A conservatory of Ldotter blogs.

Friday, May 16, 2008

Seniority has its perks. . .

. . .when it comes to rising through the ranks of Washington politics. And, frankly, that's part of the problem. It seems that incumbency is to political parties as stupidity and gullibility is to Scientology -- the most highly prized attribute among members. Unfortunately, it's almost as easily attained and comes at a very small price. One of the hardest things to do, except in times when one of the parties has sent itself into a tailspin through its own incompetence, perfidy, and moral squalor, is to unseat a sitting member of the House or Senate. The likelihood against it in any given year is roughly 9-to-1.

And, it's that relative safety that allows longtime, and even relatively short-time, members of Congress to take their constituencies for granted. They convince themselves that, as long as they make like the good daddy and bring home the bacon and the occasional hundred-dollar pound of ham, their districts will see them as a valuable, near-indispensable power conduit in Washington. They completely forget that in the end, what people want their representatives to do while they're in D.C. is to represent their interests, and not just procure grants for parks named after some old lady who once saved a seal pup from a clubbing by throwing her body over it and absorbing the blows as they rained down from the hand of a bloodthirsty furrier.

Unfortunately, it's almost impossible to keep politicians from developing a rather brawny sense of self-importance. In fact, anyone who desires to venture into the world of public office-seeking is required to have an ego bigger than a medium soft drink at a fast food joint before they're allowed past the velvet rope of party politics. That's why people like me, with all my foibles and an intact sense of shame, prefer to remain on the outside pleading like Jonas Brothers fans to be listened to for one spare minute, or even less.

As a member of the rank-and-file, and a relatively young one at that, I've seen this happen a lot. That's not to say I keep a scorecard handy and note the behavior of every politician in relation to the expectations of his constituents. "There's Mitch McConnell. We expect him to represent the fiscal sanity and moral rectitude of Kentuckians. But, there he goes, driving his fancy Buick and stealing the identities of the elderly in order to bilk them out of their retirement savings." No, it's actually just an overall sense that you get when you watch from afar and note the complete lack of progress on any front which you consider of importance with regard to the business of government, and then see some dolt with an "R" by his name on one of the TV shoutfests telling you how bad the other guy is.

After a certain period, it finally dawns on you that this guy has spent the last ten years in Washington just so he might stand a chance of appearing on Hannity & Colmes, because he just knows he could send one of them into sputtering paroxysms of apoplexy.
COLMES: "Senator, isn't it true that you're known as the Prince of Pork?"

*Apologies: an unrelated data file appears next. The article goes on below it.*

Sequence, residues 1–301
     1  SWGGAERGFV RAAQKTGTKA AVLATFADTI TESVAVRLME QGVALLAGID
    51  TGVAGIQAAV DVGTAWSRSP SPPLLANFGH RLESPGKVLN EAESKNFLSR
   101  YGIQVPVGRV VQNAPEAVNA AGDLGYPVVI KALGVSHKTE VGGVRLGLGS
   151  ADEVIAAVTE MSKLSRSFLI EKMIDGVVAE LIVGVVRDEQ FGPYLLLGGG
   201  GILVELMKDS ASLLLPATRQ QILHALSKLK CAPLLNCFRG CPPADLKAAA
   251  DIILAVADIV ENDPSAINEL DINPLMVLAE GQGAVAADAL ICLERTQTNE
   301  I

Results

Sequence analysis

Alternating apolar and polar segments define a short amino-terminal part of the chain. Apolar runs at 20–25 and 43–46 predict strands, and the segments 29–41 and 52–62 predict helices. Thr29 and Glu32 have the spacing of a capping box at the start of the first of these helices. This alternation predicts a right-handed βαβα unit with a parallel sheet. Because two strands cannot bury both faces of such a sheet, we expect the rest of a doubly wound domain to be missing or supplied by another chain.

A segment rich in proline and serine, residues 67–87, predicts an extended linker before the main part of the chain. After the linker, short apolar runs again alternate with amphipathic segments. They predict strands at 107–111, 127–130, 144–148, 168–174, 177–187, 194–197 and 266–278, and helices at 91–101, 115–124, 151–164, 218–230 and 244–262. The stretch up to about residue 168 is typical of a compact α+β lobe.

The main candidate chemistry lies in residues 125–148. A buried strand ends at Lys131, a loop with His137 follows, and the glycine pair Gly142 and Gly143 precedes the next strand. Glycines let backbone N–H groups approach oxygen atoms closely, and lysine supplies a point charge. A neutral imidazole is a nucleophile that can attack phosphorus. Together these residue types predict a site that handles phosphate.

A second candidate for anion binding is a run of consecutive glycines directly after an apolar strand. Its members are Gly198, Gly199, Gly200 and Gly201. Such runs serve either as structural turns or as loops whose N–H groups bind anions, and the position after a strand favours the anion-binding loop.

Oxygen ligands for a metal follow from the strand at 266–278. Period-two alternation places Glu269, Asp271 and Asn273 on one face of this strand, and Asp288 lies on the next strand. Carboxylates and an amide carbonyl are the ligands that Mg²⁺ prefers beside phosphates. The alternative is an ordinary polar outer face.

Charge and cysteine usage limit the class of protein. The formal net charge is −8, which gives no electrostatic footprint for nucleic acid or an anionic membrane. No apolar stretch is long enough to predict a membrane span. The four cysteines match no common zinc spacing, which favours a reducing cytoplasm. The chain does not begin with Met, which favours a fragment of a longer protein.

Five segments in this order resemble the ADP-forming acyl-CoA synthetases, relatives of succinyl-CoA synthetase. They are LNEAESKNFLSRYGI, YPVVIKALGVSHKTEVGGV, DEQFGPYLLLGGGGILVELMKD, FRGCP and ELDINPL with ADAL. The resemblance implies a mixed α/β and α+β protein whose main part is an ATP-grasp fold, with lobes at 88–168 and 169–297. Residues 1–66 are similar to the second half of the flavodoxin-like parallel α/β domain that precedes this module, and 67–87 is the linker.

SEN. HOFFSPENDURGAN: "That's what she said."

After a while, the lighthearted jabs and almost-over-the-line retorts wear thin with the folks back home and they start to suspect that their hometown boy just might be a bit of a grandstander. The next thing you know, the other party sees an opportunity to engage in the most unfair practice imaginable in modern politics; they examine his legislative record and start telling people about it. This is the kind of dirty politics that politicians just won't stand for, and yet, voters don't seem to mind it all that much.

So, it strikes me that, as long as Republicans are for merit pay for teachers and civil servants, maybe we ought to apply the same to the high profile pedagogues and walking civic wonders we call congressmen and senators. Here's my proposal: Let's tie committee chairmanships and seats to not only the number of years a member serves in the House or Senate, but their tendency to vote in line with the Republican caucus. Granted, it might stack the deck against the moderate and liberal Republicans who get elected in hopelessly blue states. But, it seems to me that among all the statisticians and number-crunchers at the RNC, someone could devise a handicap system that would encourage more party-line voting through a punishment/reward system.

As I understand it, the system is currently run by way of the wheel-and-deal mode of reciprocal back-scratching, and that in some sense, that serves as a bit of a handicapping system. But, once a person has attained that sought-after chairmanship, uprooting him from it requires the use of TNT and front-end loader. As a consequence, there's very little incentive to show any party loyalty once you've landed the job.

After having spent several years as Senate majority whip, and now as Senate Minority Leader, Mitch McConnell would do well to implement this sort of thing. He's amassed enough respect within the Republican caucus to implement a change of this sort, though I'm sure the resistance will be considerable. You start messing around with the ways of the Senate and you're liable to be accused of going against tradition (gasp!). I'm not sure there's anyone in the House Republican with enough clout or influence to shake things up in such a manner, but it would be greatly appreciated by the folks back home if someone made an honest gesture to do so.

But, clearly, something needs to be done. If the GOP doesn't make some drastic changes in the way it conducts its Washington business, the elephant will soon be as threatened as the polar bear. And it'll be the voters doing the threatening.

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